A N D STATISTICAL MANUAL OF MENTAL DISORDERS,
34 (4th ed., 2000). She found that Plaintiff's
prognosis was guarded. Tr. 372. Dr. McWilliams evaluated Plaintiff on December 2, 2003. Tr. 273-77. He estimated Plaintiff's GAF at 45 and opined that she was not expected to improve significantly within the next twelve months. Tr. 276. By contrast, Dr. McCarty and Dr. Sonntag found only moderate limitations in Plaintiff's work ability despite assigning her GAF scores in line with Drs. Chambers, Curtis, and McWilliams. On January 11, 2005, Dr. McCarty estimated Plaintiff's GAF score at 50-51, which falls between the moderate and severe levels of functioning. Tr. 307. In a medical assessment of Plaintiff's workrelated abilities, Dr. McCarty found that Plaintiff had a good ability to make work-related adjustments in thirteen out of fifteen categories and an unlimited ability in the remaining categories. Tr. 308-09. On May 25, 2007, Dr. Sonntag gave Plaintiff a GAF score of 50, indicating serious limitations. Tr. 400. However, she determined that Plaintiff had only moderate limitations in her ability to carry out complex instructions, make judgments on complex work-related decisions, interact appropriately with the public, supervisors, and co-workers, and respond appropriately to usual work situations and to changes in a routine work setting. Tr. 402-03. She found no other limitations. Tr. 402-03.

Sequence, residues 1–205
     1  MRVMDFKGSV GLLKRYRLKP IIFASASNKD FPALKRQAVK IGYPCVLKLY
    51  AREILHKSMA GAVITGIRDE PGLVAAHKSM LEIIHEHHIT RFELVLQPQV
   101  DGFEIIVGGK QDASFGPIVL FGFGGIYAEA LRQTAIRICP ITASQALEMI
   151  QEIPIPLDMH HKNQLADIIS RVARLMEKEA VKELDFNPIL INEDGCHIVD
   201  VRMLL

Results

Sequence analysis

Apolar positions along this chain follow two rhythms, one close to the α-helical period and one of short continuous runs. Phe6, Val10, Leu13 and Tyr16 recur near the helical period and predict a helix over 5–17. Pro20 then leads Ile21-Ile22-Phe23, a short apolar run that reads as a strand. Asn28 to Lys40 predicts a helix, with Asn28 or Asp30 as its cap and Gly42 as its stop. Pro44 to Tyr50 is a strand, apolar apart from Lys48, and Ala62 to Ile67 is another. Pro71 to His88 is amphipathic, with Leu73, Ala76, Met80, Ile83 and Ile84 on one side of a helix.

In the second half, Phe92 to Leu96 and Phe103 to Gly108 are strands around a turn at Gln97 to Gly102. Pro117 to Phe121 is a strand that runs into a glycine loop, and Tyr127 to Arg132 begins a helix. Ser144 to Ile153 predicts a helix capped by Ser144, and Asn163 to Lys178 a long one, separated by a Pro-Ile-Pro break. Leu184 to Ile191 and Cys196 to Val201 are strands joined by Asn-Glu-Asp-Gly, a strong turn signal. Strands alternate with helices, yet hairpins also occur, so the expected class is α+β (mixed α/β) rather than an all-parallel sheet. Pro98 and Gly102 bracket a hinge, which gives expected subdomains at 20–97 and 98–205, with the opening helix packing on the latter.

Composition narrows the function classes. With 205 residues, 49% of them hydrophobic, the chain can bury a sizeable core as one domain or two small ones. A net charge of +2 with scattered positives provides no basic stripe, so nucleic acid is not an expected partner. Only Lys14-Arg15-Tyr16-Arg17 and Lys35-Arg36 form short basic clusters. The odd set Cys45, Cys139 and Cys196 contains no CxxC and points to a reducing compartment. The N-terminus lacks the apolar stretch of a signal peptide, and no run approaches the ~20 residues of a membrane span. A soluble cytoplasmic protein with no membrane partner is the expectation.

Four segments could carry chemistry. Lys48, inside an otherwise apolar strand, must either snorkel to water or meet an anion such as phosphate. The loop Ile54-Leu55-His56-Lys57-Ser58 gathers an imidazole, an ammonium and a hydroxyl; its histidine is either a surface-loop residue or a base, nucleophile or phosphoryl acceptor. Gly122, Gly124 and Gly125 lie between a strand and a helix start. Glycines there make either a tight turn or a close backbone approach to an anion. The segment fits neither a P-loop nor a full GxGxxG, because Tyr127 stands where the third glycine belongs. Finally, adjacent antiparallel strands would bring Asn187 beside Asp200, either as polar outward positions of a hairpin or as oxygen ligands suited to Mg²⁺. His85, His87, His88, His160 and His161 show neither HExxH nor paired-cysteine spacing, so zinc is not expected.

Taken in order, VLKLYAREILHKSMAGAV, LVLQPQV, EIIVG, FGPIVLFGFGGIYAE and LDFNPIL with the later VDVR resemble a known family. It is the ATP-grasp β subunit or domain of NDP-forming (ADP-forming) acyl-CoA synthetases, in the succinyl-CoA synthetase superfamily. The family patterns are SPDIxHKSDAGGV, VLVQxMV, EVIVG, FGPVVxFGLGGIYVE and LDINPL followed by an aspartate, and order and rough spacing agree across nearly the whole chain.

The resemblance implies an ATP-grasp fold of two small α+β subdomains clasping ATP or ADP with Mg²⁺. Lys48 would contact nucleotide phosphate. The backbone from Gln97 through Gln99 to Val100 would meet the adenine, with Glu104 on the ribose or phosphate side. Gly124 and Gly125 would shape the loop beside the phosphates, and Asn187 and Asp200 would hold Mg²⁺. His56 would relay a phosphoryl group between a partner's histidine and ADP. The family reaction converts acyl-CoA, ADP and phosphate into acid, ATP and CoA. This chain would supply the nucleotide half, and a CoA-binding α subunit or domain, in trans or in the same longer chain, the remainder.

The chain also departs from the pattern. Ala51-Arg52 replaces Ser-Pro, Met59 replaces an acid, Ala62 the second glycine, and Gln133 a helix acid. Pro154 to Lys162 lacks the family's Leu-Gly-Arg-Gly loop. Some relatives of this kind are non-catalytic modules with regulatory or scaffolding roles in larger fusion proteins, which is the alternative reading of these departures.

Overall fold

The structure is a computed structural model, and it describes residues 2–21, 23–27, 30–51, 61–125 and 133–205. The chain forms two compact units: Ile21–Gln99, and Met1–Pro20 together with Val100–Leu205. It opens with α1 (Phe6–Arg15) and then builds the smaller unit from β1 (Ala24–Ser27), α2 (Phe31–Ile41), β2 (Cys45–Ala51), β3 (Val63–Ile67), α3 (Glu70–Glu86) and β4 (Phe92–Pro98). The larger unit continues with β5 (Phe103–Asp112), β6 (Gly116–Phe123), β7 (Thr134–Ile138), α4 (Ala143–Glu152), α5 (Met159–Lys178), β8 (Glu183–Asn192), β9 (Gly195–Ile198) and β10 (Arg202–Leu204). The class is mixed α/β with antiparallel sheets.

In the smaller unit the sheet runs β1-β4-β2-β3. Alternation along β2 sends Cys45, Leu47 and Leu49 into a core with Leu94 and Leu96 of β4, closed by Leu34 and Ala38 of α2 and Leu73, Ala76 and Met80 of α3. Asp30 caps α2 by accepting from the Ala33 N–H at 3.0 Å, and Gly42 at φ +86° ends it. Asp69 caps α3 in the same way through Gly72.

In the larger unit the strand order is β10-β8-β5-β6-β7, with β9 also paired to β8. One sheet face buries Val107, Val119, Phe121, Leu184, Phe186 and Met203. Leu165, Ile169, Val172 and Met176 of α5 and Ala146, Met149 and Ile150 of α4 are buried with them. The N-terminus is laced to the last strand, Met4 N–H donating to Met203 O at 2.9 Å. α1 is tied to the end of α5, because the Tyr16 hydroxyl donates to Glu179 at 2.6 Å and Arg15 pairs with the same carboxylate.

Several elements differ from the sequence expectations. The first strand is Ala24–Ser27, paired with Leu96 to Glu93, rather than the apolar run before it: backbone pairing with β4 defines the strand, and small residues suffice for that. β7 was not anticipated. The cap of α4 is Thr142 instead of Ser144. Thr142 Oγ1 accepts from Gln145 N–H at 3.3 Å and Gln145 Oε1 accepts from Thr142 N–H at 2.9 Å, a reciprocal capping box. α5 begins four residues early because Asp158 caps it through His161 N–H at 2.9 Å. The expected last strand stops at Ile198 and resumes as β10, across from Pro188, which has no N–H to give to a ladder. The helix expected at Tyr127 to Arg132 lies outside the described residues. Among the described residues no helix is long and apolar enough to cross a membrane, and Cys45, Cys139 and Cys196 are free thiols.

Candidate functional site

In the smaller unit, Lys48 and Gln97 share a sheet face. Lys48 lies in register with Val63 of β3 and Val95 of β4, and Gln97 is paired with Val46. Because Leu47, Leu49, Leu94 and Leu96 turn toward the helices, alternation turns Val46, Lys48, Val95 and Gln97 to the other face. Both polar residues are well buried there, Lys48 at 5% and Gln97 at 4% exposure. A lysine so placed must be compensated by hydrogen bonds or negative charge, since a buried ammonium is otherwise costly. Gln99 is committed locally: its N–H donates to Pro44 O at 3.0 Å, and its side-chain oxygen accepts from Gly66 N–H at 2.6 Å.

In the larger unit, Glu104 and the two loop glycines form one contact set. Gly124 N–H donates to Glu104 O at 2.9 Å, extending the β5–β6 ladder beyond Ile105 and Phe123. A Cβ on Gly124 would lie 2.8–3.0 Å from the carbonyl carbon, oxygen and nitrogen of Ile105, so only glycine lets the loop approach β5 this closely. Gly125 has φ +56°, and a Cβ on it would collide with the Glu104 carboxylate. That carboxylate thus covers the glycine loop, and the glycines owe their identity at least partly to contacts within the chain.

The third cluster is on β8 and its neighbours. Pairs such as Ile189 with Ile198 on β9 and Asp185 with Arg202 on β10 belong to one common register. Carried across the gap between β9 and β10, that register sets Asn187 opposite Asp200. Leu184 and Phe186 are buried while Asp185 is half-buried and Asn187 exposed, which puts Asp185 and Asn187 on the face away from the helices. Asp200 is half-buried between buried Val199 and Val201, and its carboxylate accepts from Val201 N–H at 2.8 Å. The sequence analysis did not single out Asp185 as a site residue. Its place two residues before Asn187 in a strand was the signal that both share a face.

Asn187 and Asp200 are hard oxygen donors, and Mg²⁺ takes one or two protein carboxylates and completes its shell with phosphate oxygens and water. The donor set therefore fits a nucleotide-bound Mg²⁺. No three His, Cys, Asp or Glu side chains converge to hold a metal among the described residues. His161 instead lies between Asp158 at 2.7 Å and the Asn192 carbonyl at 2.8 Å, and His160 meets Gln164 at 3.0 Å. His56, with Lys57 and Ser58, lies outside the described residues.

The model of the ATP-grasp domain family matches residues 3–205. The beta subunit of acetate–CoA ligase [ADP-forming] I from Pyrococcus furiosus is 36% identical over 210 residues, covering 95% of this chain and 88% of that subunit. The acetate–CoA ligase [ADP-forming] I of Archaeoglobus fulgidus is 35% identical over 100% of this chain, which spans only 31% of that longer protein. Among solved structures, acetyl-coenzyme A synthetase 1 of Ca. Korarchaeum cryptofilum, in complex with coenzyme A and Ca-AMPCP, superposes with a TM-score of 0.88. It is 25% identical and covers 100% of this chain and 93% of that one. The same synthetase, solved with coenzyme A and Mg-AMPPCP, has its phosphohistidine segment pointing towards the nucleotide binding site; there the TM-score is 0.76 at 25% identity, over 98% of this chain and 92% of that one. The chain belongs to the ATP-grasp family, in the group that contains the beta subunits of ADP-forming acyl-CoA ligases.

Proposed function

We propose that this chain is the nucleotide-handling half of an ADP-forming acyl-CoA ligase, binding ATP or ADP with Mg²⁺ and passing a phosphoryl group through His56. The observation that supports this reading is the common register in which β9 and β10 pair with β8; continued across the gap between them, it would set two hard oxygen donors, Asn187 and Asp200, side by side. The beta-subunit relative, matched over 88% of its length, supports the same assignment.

In making his mental RFC determination, the ALJ relied heavily on the opinions of Dr. McCarty and Dr. Sonntag while rejecting the more restrictive opinions of Dr. Chambers and Dr. Curtis. Tr. 21. In doing so, he explained that Dr. Chambers assessment was entirely too restrictive while Dr. Curtis' was internally inconsistent. Tr. 21. However, given the low GAF scores assigned to Plaintiff by Dr. McCarty and Dr. Sonntag, we question whether their assessments were not also internally inconsistent. Additionally, Dr. McCarty and Dr. Sonntag were the only physicians who questioned Plaintiff's credibility in their assessments. Tr. 305-07, 396-401. Interestingly, they also noted that Plaintiff displayed histrionic features in Axis II, which could account for any possible malingering or exaggeration of symptoms. Tr. 307, 400. See Wheat v. Heckler, 763 F.2d 1025, 1030 (8th Cir. 1985) (claimant's tendency to exaggerate his symptoms was consistent with his diagnosis of histrionic personality disorder, rather than a deliberate attempt to malinger). Given the ALJ's lack of explanation, we cannot help but conclude that he adopted the opinions of Dr. McCarty and Dr. Sonntag merely because they were less restrictive and not because they were more consistent with the objective evidence of record. For these reasons, we disagree with the ALJ's RFC assessment. B. Subjective Complaints In discounting Plaintiff's subjective complaints, the ALJ found that Plaintiff's medication and therapy have been successful in controlling and improving her symptoms. Tr. 19. He also determined that Plaintiff's "allegedly disabling panic attacks were present at approximately the same level of severity prior to the alleged onset date and that the claimant reportedly has had panic attacks as far back as in high school and throughout her adult life." Tr. 19. Thus, since Plaintiff's anxiety did not keep her from working in the past, it should not prevent future work. Tr. 19. We disagree -16-